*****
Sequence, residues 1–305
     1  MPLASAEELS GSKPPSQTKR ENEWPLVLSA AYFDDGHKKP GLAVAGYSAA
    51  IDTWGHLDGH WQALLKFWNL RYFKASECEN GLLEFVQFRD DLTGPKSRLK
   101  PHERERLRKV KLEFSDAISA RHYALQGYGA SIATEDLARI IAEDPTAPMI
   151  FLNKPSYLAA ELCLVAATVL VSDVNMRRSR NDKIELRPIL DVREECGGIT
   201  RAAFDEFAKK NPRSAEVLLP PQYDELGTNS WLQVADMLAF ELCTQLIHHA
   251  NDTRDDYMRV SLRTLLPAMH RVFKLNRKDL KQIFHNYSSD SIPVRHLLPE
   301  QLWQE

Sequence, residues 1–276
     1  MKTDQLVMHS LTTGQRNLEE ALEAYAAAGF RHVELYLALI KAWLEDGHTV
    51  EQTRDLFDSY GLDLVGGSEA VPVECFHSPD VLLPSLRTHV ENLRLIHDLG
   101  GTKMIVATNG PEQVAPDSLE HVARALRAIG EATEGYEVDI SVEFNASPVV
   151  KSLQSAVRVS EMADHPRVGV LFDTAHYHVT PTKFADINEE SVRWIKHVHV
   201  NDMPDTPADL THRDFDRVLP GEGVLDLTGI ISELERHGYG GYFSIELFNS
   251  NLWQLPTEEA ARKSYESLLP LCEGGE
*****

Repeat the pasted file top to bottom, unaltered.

Sequence, residues 1–305
     1  MPLASAEELS GSKPPSQTKR ENEWPLVLSA AYFDDGHKKP GLAVAGYSAA
    51  IDTWGHLDGH WQALLKFWNL RYFKASECEN GLLEFVQFRD DLTGPKSRLK
   101  PHERERLRKV KLEFSDAISA RHYALQGYGA SIATEDLARI IAEDPTAPMI
   151  FLNKPSYLAA ELCLVAATVL VSDVNMRRSR NDKIELRPIL DVREECGGIT
   201  RAAFDEFAKK NPRSAEVLLP PQYDELGTNS WLQVADMLAF ELCTQLIHHA
   251  NDTRDDYMRV SLRTLLPAMH RVFKLNRKDL KQIFHNYSSD SIPVRHLLPE
   301  QLWQE

Sequence, residues 1–276
     1  MKTDQLVMHS LTTGQRNLEE ALEAYAAAGF RHVELYLALI KAWLEDGHTV
    51  EQTRDLFDSY GLDLVGGSEA VPVECFHSPD VLLPSLRTHV ENLRLIHDLG
   101  GTKMIVATNG PEQVAPDSLE HVARALRAIG EATEGYEVDI SVEFNASPVV
   151  KSLQSAVRVS EMADHPRVGV LFDTAHYHVT PTKFADINEE SVRWIKHVHV
   201  NDMPDTPADL THRDFDRVLP GEGVLDLTGI ISELERHGYG GYFSIELFNS
   251  NLWQLPTEEA ARKSYESLLP LCEGGE